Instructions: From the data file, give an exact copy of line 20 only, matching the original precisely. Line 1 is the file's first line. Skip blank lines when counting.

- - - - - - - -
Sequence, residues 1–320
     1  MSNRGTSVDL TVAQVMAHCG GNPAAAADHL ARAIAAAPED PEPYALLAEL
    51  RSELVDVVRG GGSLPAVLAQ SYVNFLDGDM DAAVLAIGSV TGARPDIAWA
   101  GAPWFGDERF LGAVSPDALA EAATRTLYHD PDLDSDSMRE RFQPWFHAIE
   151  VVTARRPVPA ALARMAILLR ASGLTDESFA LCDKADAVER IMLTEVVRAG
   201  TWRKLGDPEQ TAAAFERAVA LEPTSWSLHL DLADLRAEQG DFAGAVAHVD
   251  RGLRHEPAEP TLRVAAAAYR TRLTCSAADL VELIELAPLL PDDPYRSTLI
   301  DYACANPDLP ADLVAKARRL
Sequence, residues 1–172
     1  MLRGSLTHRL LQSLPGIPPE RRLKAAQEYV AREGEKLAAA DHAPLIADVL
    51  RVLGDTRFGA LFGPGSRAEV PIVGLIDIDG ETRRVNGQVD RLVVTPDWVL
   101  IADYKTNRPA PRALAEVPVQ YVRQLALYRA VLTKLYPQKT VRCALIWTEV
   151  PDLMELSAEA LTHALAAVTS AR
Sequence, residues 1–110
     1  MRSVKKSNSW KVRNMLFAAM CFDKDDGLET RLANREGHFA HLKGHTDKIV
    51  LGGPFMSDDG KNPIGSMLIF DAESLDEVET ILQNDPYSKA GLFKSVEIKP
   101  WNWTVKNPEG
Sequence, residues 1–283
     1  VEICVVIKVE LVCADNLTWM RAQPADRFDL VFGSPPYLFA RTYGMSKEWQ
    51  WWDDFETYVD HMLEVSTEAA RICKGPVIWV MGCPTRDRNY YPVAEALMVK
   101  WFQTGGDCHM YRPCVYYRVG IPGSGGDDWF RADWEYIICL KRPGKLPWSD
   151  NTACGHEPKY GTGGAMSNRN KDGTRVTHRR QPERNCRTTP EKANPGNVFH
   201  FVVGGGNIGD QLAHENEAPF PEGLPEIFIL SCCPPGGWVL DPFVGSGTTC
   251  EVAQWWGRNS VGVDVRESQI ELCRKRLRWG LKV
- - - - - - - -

    51  WWDDFETYVD HMLEVSTEAA RICKGPVIWV MGCPTRDRNY YPVAEALMVK